Shares of mobile chip giant Qualcomm (NASDAQ:QCOM) tumbled 18.3% in January, according to data provided by S&P Global Market Intelligence. A one-two punch of legal actions was the culprit, with the Federal Trade Commission charging the company with anti-competitive practices and Apple suing over patent royalty issues.
On Jan. 17, the FTC filed a complaint in federal district court charging Qualcomm with anti-competitive behavior. The FTC is accusing Qualcomm of using its dominant position as a supplier of baseband processors to extract onerous supply and licensing terms from phone manufacturers.
The FTC alleged that Qualcomm uses a "no license, no chips" policy which withholds chips from phone manufacturers if they fail to agree with Qualcomm's license terms. The FTC believes this is effectively an anti-competitive tax on the use of rivals' chips. Qualcomm is also accused of refusing to license standard-essential patents.
Apple sued Qualcomm three days later, followed by another lawsuit in China. The iPhone giant accused Qualcomm of charging royalties for technologies that it had nothing to do with, effectively raising the cost of new features. According to Apple, it pays Qualcomm five times more in royalties than all other cellular patent licensors combined. Apple also accused Qualcomm of withholding $1 billion in payments in retaliation for cooperating with law enforcement agencies.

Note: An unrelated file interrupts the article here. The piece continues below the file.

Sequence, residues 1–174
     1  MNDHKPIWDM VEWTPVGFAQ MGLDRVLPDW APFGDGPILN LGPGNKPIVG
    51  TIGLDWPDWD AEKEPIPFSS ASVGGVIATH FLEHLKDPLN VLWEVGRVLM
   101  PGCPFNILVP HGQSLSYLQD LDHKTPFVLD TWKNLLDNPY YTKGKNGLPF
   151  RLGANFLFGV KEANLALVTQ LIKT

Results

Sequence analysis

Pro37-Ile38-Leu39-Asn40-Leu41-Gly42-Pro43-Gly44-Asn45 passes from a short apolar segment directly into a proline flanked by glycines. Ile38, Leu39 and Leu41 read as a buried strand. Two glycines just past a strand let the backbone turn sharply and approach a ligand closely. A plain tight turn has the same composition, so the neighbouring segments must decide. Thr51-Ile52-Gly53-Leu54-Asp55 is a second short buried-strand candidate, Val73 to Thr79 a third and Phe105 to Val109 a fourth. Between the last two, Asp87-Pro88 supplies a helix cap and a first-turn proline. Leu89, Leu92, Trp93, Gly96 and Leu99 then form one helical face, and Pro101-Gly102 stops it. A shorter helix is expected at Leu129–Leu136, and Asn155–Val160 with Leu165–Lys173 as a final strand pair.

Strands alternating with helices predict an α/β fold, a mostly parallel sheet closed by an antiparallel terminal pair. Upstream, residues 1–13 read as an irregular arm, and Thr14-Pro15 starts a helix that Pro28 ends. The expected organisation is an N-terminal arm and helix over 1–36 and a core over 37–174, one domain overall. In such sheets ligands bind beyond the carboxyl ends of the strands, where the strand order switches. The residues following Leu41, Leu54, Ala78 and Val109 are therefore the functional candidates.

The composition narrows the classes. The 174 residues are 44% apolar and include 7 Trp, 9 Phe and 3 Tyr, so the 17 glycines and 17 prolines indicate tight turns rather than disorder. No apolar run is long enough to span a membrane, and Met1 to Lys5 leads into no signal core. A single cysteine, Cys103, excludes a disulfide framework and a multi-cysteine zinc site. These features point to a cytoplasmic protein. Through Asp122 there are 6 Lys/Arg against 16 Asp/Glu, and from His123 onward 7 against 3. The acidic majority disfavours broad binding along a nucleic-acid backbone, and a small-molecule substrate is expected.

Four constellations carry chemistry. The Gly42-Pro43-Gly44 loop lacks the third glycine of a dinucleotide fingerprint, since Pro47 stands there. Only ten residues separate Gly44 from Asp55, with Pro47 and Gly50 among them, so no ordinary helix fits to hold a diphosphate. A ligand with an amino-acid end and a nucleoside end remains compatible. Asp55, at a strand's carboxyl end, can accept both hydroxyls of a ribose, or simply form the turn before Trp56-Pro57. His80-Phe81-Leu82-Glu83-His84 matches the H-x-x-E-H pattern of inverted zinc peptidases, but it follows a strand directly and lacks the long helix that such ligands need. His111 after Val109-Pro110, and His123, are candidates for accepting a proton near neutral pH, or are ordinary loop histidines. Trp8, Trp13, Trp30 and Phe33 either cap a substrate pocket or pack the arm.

Qualcomm has disputed the FTC complaint and called the Apple lawsuit baseless, but any threat to Qualcomm's lucrative licensing business should be taken seriously by investors. During Qualcomm's first quarter, the licensing business generated $1.52 billion of pre-tax profit, compared to just $724 million for the chip business.
How these lawsuits turn out is anyone's guess, and it will likely take quite a while for decisions to be made. It's also unclear whether these suits will affect Qualcomm's acquisition of NXP Semiconductors, which is scheduled to close before the end of the year. Investors pushed down the stock in January to account for these added risks, erasing a good portion of last year's gains.